What is Mayku?
We build desktop factories. Our mission: to help the world make locally again.
Our first two machines are The FormBox, which turns plastic sheets into 3D shapes, and the RotoBox, which casts hollow objects out of pourable materials. They work effectively alone, and together they form the start of a mini production line.
Tell us about Mayku’s beginnings
Ben had the idea for Mayku whilst developing Projecteo – the tiny Instagram projector. His experience of designing a product in London, manufacturing it in China and reshipping it all over the world from the US had a lasting impact on him. It struck him that these large industrial machines could be miniaturised.
At that time I was leading the strategy team at Mint Digital, a product development studio based in London and New York. We met for a drink to discuss the idea, and Mayku was formed.
What’s your vision for Mayku as a company?
The goal of Mayku is to empower people to make their own things. Whether artistic, functional or frivolous, our aim is to nurture a culture of contemporary folk objects. We have big plans – by miniaturising mass manufacturing processes like injection moulding, vacuum forming and rotational moulding we hope to help the world make things locally again.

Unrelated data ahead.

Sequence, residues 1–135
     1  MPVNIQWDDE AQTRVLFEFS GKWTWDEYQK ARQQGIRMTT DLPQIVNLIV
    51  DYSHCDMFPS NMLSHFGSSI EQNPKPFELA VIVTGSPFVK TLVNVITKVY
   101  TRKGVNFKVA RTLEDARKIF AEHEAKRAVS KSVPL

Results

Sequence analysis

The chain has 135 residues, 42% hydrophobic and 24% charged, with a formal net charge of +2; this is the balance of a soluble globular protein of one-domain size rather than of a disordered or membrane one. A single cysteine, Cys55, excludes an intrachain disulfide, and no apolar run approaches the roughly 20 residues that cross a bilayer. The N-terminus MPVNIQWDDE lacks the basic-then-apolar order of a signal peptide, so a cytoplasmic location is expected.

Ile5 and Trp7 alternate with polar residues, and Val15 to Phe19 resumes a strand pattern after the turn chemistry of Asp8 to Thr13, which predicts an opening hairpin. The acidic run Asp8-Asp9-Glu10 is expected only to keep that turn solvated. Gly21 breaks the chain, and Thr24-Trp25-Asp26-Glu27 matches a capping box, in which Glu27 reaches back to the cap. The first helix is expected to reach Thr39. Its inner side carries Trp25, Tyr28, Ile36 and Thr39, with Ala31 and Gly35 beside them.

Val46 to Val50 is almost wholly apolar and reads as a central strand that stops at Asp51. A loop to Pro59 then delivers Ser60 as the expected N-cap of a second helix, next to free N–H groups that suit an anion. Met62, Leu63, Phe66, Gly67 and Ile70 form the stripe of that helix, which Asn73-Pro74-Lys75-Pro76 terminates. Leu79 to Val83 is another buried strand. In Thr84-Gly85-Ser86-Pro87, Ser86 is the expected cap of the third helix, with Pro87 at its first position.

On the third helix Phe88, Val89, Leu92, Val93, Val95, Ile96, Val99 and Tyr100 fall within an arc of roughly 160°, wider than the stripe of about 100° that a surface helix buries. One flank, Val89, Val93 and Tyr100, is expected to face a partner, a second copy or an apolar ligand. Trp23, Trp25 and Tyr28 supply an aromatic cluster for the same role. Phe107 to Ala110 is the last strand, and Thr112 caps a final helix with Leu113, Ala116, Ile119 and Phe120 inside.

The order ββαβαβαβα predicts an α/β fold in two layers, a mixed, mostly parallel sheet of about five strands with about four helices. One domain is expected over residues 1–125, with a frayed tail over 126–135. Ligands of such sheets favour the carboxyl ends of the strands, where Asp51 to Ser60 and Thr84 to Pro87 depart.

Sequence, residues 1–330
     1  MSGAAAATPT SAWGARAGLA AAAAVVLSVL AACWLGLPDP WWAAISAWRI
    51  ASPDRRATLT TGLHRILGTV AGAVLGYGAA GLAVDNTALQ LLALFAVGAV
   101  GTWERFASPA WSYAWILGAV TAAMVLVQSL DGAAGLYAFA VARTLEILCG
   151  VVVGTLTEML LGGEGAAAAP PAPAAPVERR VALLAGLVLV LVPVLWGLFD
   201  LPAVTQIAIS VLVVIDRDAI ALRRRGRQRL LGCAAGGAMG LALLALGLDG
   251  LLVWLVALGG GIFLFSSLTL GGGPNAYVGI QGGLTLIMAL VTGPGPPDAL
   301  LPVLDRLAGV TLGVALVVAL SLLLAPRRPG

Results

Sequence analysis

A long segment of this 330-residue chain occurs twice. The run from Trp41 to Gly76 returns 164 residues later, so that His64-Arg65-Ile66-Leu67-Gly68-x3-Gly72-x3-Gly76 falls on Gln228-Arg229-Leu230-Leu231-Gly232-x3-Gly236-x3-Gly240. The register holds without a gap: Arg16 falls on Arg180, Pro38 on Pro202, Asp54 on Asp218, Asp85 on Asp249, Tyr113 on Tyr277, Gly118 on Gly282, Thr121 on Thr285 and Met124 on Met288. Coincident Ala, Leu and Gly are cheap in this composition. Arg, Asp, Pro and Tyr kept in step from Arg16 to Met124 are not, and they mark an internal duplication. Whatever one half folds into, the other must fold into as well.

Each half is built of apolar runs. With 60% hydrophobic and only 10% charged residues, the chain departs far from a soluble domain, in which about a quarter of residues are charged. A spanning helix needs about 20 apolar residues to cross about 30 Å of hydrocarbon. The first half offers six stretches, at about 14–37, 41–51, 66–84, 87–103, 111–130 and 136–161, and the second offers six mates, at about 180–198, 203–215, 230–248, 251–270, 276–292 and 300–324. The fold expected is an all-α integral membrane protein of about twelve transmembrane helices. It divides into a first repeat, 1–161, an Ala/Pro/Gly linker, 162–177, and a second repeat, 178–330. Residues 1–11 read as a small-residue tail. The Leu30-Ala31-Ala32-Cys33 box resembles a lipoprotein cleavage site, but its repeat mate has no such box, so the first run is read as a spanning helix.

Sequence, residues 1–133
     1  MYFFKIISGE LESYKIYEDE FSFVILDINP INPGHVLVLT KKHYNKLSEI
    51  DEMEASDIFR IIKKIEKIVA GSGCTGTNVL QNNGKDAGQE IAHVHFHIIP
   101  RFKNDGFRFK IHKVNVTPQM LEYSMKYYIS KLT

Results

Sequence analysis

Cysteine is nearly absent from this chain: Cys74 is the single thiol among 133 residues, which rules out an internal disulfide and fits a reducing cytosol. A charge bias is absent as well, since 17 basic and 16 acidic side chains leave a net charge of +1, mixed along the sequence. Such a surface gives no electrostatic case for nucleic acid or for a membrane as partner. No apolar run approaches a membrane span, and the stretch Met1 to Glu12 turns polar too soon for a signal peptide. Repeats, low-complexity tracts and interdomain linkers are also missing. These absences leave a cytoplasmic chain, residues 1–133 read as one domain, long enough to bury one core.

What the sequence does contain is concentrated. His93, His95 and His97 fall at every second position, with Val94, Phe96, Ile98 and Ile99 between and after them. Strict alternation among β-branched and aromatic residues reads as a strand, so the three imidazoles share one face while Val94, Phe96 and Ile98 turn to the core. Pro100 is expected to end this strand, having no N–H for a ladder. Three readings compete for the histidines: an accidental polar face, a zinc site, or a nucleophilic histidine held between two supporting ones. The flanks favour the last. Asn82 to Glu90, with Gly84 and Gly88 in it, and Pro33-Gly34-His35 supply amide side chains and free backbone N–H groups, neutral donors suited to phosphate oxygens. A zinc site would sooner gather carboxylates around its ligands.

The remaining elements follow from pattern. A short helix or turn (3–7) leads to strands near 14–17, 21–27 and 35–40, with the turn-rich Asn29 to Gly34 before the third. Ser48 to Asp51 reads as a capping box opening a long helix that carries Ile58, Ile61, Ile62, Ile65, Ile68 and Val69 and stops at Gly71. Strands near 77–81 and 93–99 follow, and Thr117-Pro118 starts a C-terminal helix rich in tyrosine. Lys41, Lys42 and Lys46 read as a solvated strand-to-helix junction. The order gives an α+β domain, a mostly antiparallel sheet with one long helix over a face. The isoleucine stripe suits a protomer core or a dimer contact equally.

You held a hackathon with the aim of creating some inventions to promote. How did that go?
It was a truly enlightening experience. We learnt a lot about our users and what they wanted to make with our machines. From a modular plant pot system to a banana chandelier, some extraordinary creations came out of the weekend.
We’ve actually just finished up a short film capturing the day. If you’re curious you can watch it here.
Has Makerversity’s community provided a source of product testers, or has your market research been done externally?
Everyone here has been a huge inspiration for us in building the machines. Being in the centre of such a vibrant maker community has allowed us to observe the creation of so many extraordinary projects. It has helped us learn about what people actually need to be able to do and what they might want to get from a desktop factory.
It has also enabled us to try out new ideas quickly and find out what people are interested in before actually going into production.
For example when we thought about making a vacuum former, the first thing we did was laser cut a prototype and get it into people’s hands. It had such a good response that we decided to go ahead with it.
Are there other machines you’d like to explore?
Certainly. We’re particularly interested in building an injection moulder. However we’d like to work closely with our early community to decide which machine to build next.
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